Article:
Free radical damage in ischemia-reperfusion injury severely impacts prognosis after revascularization therapy. Thus, determining how to protect the brain from free radical damage is extremely urgent. In the following section, we review some of the most recent and effective therapies used to prevent free radical damage in ischemia-reperfusion injury that are used in combination with revascularization therapy. The adjunctive strategies have been both understudied in experimental and clinical research. The therapies are divided into two groups: nonpharmaceutical and pharmaceutical. Nonpharmaceutical therapies consist of remote ischemic conditioning and hypothermia, and pharmaceutical therapies consist of edaravone, uric acid, and citicoline.
Free radicals, especially ROS and RNS, have intense oxidation or nitrification abilities in the human brain. During cerebral ischemia reperfusion, especially with blood reflow, massive generation of ROS and RNS leads to cell death via DNA damage, protein dysfunction, and lipid peroxidization. Oxidative/nitrosative stress in ischemia-reperfusion injury also plays a key role in inducing hemorrhagic transformation and cerebral edema after revascularization therapy. Fortunately, many basic experiments and clinical trials have indicated that cotreatment of antifree radical damage strategies, including nonpharmaceutical therapies, such as RIC and hypothermia, and pharmaceutical therapies, such as edaravone, UA, and citicoline, with revascularization therapy is safe and feasible. Further research regarding therapies that prevent free radical damage in ischemia-reperfusion injury combined with revascularization therapy should be undertaken in the future. We will understand the pathomechanisms more deeply, and patients will get better benefits from revascularization therapy.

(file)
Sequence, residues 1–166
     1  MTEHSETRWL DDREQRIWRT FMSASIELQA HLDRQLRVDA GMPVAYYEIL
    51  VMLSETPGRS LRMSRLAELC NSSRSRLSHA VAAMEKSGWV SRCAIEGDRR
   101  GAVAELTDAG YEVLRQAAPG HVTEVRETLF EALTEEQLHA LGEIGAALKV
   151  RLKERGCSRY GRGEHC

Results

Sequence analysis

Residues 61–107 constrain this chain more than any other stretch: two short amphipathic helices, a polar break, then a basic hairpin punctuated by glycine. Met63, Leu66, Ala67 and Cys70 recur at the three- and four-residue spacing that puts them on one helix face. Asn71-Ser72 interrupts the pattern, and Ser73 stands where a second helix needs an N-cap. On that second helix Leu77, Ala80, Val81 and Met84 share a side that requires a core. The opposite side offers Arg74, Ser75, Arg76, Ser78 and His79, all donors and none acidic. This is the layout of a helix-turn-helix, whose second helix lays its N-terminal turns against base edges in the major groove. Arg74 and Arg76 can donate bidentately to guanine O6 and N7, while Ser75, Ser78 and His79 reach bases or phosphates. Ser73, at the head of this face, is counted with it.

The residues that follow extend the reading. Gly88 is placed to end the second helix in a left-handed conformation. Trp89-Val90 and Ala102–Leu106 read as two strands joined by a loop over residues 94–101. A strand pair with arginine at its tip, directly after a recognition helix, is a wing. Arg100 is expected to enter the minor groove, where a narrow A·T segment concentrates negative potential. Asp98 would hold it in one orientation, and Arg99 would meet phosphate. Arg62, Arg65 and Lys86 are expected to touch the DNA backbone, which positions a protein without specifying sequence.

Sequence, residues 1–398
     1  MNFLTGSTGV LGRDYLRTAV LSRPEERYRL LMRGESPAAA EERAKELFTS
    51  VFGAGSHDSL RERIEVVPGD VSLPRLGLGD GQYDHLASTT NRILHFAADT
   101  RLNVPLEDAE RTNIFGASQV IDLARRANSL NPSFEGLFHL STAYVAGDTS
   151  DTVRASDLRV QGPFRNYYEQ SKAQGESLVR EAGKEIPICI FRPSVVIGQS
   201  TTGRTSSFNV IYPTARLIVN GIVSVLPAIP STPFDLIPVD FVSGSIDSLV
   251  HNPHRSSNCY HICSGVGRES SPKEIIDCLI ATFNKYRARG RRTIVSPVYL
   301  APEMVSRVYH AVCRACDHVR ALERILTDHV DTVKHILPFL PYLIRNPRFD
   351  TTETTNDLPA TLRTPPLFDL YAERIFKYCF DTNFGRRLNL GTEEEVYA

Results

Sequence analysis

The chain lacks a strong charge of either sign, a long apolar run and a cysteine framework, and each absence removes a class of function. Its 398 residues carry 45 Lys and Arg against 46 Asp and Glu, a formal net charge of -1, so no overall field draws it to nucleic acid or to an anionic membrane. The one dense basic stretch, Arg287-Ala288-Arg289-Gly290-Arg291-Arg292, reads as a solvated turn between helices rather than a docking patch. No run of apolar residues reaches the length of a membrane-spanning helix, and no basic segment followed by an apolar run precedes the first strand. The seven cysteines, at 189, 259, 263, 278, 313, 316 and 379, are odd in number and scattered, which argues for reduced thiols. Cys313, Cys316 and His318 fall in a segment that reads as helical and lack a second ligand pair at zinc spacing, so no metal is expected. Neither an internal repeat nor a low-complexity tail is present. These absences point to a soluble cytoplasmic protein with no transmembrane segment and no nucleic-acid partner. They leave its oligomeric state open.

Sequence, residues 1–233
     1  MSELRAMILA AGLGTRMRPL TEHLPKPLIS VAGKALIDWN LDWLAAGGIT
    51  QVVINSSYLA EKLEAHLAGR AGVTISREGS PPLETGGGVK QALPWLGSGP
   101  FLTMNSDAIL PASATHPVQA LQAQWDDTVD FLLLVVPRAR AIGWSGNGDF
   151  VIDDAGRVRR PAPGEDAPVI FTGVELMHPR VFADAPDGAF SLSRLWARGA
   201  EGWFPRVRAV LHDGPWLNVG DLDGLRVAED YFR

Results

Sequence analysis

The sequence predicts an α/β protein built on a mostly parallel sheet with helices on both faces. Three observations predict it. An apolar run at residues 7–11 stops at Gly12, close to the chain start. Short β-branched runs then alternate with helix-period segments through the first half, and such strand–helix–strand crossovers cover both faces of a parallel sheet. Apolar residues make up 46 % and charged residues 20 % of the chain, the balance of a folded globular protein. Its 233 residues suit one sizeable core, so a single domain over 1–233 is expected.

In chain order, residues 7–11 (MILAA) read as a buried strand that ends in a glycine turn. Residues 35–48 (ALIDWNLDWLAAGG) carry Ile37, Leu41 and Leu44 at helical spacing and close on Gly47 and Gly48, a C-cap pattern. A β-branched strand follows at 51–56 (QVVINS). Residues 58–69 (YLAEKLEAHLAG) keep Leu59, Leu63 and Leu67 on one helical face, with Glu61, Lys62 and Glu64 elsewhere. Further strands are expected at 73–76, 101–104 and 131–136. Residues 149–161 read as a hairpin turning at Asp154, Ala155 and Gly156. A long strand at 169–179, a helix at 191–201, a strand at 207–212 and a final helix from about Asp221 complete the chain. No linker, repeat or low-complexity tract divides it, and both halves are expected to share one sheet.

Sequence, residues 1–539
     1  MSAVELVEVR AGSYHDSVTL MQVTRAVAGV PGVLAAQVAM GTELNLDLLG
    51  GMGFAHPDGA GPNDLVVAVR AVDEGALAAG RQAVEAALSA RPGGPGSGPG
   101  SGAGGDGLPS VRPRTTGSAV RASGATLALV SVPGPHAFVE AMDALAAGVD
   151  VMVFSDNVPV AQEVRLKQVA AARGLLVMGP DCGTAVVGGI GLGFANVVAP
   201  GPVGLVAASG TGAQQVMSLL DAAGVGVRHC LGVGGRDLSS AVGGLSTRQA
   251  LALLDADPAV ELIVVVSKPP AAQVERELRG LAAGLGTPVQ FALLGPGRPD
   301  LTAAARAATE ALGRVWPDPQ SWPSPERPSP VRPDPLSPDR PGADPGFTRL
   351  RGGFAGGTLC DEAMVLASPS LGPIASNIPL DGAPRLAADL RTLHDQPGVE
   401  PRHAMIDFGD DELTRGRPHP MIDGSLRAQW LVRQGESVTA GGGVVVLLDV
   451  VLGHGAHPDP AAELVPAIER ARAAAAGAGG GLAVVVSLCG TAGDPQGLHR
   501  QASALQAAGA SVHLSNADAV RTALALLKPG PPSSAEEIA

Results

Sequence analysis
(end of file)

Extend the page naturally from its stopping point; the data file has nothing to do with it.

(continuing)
There are many reasons to think about eating better, but they do not all have to do with weight loss. Your food choices can help reduce stress in your body by reducing the number of free radicals in your cells.
While traditional holiday meals are laden with salt, fat and sugar, many foods we eat regularly, such as sweets and sodas, can also spike blood glucose and insulin levels. They also, alas, can increase the amount of free radicals, or molecules with unattached electrons, in the body, which can do serious cellular damage.
Under ordinary conditions, this oxidative process creates chemically reactive molecules containing oxygen. This in turn can lead to the production of molecules of free radicals that are unstable in high concentrations.
Free radicals damage the growth, development and survival of cells in the body. Their reactive nature allows them to engage in unnecessary side reactions causing cellular impairment and eventually injury when they are present in disproportionate amounts.
They directly impair cell membranes and DNA. This leads to cell mutation and causes new cells to grow erroneously, which means free radicals are associated with both development of cancer as well as the progression of aging. Free radicals are frequently implicated with health problems that are experienced with age, such as hardened arteries, diabetes and even wrinkle formation.